The Design and Integration of an In-Situ Proton Irradiation Tensile Rig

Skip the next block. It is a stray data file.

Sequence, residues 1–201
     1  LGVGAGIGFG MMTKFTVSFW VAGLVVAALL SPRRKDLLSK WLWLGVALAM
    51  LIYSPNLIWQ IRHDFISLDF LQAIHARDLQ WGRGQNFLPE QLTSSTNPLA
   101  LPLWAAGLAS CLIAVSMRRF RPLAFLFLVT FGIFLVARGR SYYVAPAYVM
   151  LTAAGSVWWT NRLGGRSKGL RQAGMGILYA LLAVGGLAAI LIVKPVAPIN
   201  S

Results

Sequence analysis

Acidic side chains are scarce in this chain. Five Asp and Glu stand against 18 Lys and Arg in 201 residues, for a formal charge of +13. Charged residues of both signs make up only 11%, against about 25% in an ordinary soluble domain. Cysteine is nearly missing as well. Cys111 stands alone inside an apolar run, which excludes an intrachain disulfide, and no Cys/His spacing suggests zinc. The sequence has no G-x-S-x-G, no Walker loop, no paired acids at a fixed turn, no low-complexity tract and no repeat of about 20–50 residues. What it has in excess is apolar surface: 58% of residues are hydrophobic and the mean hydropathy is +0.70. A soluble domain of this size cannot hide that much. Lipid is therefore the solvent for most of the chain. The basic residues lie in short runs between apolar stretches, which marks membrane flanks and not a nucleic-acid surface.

One of the biggest challenges faced in the nuclear industry is understanding and accurately predicting the complex environment found in a nuclear power reactor and its impact on core components and materials. The extreme environment inside a reactor core provides challenges to component design and operation as the large amounts of radiation experienced by reactor components begins to fundamentally change the otherwise well understood material properties. At the Reactor Material Testing Laboratory (RMTL) at Queen’s University, a high energy proton accelerator is used to simulate the neutron damage found in a nuclear reactor and conduct experiments to develop a mechanistic understanding of irradiated material samples and their changing material properties. This Thesis details the design and integration of an in-situ proton irradiation tensile rig (PITR) at the RMTL facility. The purpose of this apparatus is to provide the means of systematically exploring degradation phenomenon of reactor materials in controlled single variable experiments. The results from these studies will lead to an improved understanding of irradiation behavior of materials and ultimately help lead to the development of improved safety and efficiency for current and future reactors. After evaluating the reliability and accuracy of each individual system and component of the PITR, a proof of concept experiment was conducted to demonstrate its capability of conducting an in-situ proton irradiation tensile test. A 75 µm thick pure zirconium foil was irradiated at a damage rate of 1.37 × 10-7 dpa/s, a constant temperature of 350 °C, and a constant applied stress of 30 MPa. The resulting strain rate was compared against that of an identical sample held at the same temperature and applied stress without the applied proton beam. The sample subjected to proton irradiation was found to have a much higher strain rate for the given parameters than the non-irradiated sample.